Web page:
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Project Management in Small Businesses

August 27, 2014

A just released report from project management technology reviews and research company Software Advice on Project Management Software, found that roughly 60% of the businesses interviewed are still using paper and pencil, spreadsheets, non-project management software and/or nothing at all to manage projects.  Beyond interesting, doesn’t it make you wonder “Why?”… just a bit?  In this blog, let’s look at one model for understanding what’s happening for them, and perhaps for you, and then let me share just some of the brain research that says what they are doing is a bad idea.

Software Advice’s report also found that the top reason for purchasing project management software is to improve efficiency and accuracy.  41% of the interviewed companies got that concept, another 12% got that they needed to automate or standardize processes as well. So think about managing projects from the perspective of being more efficient and making less mistakes.  In fact think about project management software for a moment, and imagine you had to draw a diagram to depict what project management software is.  What would you draw?

Here’s a quick diagram to consider, I’ve broken it down into 4 maybe 5 functions:

 Project Plan


Most project management usage that I’ve observed includes the first two phases, e.g. get a project plan in place with varying degrees of granularity on the estimates for time and resources needed.  Getting #3a or the tracking mechanism consistently in place is a challenge for most organizations.  Often if you look at an existing plan, you’ll notice that not all of the tasks are updated, so the tracking breaks down, and is supported by the efforts of the Project Management Office if available, or the “project police” as they are sometimes affectionately known.

Most organizations don’t get what 3b is about, or why it’s worth documenting that stuff.  We think it’s critical, especially when working projects that involve increasing levels of innovation… but then what do we know.

Finally project management invariable fulfills the needs for reporting to address, if nothing else, the fundamental questions of “What did you do with all that time and money?” or “The customer is waiting, where are we in terms of delivering?”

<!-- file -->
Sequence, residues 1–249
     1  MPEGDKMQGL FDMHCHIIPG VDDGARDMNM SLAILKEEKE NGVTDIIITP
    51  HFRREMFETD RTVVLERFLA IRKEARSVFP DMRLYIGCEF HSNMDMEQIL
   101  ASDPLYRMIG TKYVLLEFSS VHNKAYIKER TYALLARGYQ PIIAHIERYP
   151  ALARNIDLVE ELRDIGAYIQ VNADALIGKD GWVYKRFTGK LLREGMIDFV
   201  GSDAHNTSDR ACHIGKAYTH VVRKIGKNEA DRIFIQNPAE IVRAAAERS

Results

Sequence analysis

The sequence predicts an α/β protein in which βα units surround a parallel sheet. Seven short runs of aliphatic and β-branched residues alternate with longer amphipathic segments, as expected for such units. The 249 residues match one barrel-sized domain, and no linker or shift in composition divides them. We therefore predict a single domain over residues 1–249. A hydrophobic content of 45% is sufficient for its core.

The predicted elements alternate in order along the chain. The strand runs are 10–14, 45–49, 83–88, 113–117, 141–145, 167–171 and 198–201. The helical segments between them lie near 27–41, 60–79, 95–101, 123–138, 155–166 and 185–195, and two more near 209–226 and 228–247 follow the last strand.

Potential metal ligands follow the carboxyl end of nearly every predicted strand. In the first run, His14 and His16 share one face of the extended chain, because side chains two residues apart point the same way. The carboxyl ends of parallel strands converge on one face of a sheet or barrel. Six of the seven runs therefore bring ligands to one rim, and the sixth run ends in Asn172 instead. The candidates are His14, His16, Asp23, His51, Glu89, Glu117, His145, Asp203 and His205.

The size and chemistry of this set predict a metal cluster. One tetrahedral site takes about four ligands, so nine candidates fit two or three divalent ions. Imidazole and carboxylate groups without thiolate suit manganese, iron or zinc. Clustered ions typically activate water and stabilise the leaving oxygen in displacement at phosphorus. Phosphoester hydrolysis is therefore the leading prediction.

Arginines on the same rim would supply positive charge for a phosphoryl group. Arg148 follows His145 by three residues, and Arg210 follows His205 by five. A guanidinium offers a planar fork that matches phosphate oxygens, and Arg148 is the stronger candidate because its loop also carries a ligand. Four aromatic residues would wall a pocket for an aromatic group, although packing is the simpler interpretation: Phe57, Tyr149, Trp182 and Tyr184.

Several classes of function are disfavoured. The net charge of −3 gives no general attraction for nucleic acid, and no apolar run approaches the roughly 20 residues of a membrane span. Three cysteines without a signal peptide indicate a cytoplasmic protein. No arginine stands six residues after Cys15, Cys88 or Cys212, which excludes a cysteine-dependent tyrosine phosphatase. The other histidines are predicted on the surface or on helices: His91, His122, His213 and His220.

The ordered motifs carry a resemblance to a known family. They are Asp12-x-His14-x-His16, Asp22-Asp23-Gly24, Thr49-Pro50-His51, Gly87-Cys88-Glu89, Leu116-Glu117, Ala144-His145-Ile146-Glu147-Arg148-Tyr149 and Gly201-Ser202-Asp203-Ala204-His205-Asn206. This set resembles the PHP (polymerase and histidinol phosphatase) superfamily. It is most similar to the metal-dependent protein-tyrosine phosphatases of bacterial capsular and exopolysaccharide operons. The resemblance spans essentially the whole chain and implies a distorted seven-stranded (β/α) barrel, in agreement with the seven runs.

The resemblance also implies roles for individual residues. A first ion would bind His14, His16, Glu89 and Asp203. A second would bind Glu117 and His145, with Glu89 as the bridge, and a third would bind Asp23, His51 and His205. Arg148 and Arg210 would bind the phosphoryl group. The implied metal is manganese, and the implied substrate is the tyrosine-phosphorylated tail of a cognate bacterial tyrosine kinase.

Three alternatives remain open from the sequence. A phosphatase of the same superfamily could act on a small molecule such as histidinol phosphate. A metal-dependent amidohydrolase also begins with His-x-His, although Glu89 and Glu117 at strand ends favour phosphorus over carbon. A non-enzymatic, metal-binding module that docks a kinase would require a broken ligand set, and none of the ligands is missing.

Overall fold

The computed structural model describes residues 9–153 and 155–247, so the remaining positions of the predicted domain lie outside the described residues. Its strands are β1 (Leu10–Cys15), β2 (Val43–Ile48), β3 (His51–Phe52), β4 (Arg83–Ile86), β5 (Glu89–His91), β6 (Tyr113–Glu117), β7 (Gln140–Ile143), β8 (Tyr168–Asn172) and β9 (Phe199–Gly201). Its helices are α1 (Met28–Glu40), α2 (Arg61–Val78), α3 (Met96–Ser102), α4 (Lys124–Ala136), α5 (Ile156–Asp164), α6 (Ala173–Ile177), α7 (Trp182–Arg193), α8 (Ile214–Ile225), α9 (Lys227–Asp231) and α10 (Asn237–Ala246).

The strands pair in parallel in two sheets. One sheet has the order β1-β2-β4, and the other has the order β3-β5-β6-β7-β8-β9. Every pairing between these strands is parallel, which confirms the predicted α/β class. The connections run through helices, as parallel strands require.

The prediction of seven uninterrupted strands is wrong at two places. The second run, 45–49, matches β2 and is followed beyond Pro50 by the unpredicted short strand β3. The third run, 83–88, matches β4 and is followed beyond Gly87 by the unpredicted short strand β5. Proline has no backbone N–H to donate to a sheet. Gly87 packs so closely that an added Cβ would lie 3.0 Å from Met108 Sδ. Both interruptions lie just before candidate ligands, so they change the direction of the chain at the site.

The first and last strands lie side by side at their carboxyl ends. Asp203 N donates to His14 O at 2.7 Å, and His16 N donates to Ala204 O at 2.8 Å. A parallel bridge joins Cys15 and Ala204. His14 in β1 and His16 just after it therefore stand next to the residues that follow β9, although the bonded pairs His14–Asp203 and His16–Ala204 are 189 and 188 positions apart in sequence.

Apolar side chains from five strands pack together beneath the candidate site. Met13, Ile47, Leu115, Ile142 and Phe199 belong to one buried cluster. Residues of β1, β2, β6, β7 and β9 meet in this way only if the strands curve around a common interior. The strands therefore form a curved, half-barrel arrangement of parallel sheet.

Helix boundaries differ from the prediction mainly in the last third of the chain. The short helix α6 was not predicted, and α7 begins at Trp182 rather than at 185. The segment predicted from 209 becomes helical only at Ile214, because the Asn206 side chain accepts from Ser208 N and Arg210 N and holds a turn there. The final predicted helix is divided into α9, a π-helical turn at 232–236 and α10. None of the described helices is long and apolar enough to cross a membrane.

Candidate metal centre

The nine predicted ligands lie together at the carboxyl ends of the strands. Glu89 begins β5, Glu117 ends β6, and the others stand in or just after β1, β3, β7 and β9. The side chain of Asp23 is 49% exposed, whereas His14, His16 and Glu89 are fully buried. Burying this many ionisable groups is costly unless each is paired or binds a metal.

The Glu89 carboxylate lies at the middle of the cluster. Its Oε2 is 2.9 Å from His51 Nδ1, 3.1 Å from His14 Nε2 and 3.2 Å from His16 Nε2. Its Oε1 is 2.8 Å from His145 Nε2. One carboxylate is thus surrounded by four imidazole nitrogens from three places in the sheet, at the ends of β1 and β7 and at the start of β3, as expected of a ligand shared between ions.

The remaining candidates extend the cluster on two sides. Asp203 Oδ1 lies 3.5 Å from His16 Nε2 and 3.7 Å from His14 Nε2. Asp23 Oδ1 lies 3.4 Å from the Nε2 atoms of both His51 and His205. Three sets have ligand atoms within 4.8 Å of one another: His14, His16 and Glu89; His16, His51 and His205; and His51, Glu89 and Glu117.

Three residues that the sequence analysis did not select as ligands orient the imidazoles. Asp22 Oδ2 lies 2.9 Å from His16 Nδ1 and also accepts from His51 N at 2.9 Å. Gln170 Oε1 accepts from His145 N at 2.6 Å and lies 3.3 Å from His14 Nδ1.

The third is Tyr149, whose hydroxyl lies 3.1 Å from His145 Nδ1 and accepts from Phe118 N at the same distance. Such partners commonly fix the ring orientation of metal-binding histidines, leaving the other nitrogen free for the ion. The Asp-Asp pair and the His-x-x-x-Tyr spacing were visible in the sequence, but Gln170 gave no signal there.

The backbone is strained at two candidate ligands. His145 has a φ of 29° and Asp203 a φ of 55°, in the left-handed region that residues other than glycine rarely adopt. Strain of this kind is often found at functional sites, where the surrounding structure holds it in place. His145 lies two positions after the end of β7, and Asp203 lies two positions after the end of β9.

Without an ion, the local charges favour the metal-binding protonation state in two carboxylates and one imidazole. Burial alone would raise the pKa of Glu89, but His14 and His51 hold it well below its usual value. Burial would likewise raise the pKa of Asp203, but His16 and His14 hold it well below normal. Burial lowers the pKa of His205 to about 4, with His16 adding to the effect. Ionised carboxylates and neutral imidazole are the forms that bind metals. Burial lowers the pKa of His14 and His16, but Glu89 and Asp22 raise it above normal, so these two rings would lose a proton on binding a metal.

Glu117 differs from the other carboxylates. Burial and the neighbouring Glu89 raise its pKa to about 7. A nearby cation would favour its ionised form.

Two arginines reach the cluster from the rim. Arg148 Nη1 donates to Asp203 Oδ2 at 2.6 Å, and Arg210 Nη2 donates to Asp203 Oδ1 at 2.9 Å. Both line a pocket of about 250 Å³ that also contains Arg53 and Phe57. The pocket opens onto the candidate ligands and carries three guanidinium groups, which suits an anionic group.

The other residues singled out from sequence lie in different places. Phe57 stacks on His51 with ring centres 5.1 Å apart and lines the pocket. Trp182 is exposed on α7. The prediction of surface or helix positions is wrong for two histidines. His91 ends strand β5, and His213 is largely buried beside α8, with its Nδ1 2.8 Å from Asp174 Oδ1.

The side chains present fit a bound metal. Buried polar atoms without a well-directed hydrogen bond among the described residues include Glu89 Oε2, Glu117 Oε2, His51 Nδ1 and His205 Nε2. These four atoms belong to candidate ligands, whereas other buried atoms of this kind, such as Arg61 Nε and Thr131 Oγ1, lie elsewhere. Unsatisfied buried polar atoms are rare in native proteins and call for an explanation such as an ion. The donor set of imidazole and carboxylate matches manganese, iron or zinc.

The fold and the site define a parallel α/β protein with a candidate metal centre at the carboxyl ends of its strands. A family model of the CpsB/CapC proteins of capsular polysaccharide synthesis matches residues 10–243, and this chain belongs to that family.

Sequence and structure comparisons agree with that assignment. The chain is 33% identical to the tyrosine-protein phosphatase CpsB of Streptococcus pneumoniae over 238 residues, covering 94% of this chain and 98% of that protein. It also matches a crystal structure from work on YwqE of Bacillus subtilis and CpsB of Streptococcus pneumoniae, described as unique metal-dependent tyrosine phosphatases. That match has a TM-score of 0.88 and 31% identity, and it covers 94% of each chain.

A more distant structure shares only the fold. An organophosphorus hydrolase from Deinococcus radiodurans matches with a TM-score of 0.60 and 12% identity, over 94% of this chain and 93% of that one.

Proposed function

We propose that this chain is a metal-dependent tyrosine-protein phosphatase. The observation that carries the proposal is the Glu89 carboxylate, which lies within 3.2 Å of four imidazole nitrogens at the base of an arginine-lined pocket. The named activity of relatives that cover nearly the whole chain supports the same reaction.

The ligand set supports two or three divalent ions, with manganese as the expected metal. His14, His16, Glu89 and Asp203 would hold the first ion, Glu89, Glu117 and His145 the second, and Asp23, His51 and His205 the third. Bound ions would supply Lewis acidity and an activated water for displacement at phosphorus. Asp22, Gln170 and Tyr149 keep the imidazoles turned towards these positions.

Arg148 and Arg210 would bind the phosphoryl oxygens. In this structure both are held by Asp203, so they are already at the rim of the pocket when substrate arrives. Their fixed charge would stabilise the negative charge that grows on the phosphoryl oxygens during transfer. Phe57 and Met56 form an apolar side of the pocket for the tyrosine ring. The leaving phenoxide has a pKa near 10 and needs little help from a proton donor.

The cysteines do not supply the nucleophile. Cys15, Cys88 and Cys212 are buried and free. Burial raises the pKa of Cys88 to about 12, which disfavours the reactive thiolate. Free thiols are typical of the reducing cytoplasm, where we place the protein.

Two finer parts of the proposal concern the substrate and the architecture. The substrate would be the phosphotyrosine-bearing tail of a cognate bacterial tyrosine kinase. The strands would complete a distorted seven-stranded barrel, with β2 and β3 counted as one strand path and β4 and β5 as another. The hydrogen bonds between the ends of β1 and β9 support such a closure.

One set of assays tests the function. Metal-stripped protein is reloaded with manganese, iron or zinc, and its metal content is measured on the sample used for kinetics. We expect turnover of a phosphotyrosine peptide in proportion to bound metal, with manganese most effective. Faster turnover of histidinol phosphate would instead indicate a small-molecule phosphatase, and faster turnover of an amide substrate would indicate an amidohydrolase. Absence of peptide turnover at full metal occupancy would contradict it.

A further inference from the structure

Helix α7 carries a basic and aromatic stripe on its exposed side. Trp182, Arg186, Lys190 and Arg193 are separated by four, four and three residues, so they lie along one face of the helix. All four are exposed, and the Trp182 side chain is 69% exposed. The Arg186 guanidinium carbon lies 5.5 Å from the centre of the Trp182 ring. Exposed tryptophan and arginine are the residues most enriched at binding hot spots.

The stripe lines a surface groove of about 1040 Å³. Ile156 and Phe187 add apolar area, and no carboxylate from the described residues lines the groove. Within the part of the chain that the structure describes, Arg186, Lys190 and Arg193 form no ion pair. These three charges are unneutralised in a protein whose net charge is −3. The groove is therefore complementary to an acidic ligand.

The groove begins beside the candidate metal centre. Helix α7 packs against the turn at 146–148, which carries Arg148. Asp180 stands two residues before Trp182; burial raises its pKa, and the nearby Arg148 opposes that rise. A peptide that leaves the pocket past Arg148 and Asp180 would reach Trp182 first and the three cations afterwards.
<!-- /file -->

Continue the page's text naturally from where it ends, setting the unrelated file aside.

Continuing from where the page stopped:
OK, so given all that what does a diagram look like for the roughly 60% of the businesses interviewed in this survey who aren’t using project management software.  This could be you, so I’ll be careful:




What do you notice when you look at the 2nd diagram?  My brain goes to two conclusions at the first glance.

1. There’s a lot of stuff being handled by verbal exchanges.  Given that people forget what they hear at different rates, it does make you wonder why so much is held dependent on talking, versus writing it down.

2. This doesn’t look like a system that leads to efficient or mistake free processes does it?  It makes more sense why in the survey organizations reported the to reason for getting PM software is to help them improve their efficiency and accuracy.

I describe the project management process in the 2nd diagram as a “Talk and Task” approach.  I consider this to be the most common project management practice, and it turns out that this is how most work is handled at the management level, not just projects.  It’s not the most effective, but there’s something compelling about it… for it to be so pervasive.  What is it?  Wish I could hear what you are saying in your mind right now, but my thought is that it’s compelling because it:

  • Is Easy, especially for extroverts,
  • Reduces the amount of transparency, so people don’t feel uncomfortably held accountable, and it
  • Avoids the dreaded task of Writing Stuff Down or Documenting at the project and task level.

Beyond ease of use, and inefficiency, the other point that strikes me, is that it is not well suited to our brain.  Not that we can’t talk and understand speech, but close to 60% of our entire brain’s resources are committed to processing visual input, decidedly more than we have neurons to manage auditory input and speech.  So why not get more of everyone’s brain involved?  On yea, back to that “it’s easier not to” conclusion.

Bottom Line:

There an informative read on Project Management Software use in small businesses.  Of the numerous findings, one that stood out to me is that close to 60% use paper and pencil, memory or office -document based tools (ex. spreadsheets) to manage projects.  In this blog I look at why the choice for non-software based methods of managing projects… and why managing details verbally isn’t the best for your brain.  By-the-way, what are you using to manage projects?  If you are looking for something different, take a look at ManagePro.



























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